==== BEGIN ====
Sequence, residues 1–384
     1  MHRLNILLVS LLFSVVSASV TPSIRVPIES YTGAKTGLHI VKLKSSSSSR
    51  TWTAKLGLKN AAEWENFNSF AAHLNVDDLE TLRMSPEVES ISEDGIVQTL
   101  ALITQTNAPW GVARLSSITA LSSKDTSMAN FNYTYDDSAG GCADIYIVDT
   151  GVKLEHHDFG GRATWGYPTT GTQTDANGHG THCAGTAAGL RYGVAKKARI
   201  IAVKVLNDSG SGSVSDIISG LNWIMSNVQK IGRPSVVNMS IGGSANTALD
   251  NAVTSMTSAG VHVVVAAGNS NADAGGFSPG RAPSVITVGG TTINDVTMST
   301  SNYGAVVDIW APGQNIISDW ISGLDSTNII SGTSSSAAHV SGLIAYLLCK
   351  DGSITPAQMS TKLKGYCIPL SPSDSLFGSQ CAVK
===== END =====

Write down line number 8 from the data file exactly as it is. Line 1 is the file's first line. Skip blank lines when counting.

   301  SNYGAVVDIW APGQNIISDW ISGLDSTNII SGTSSSAAHV SGLIAYLLCK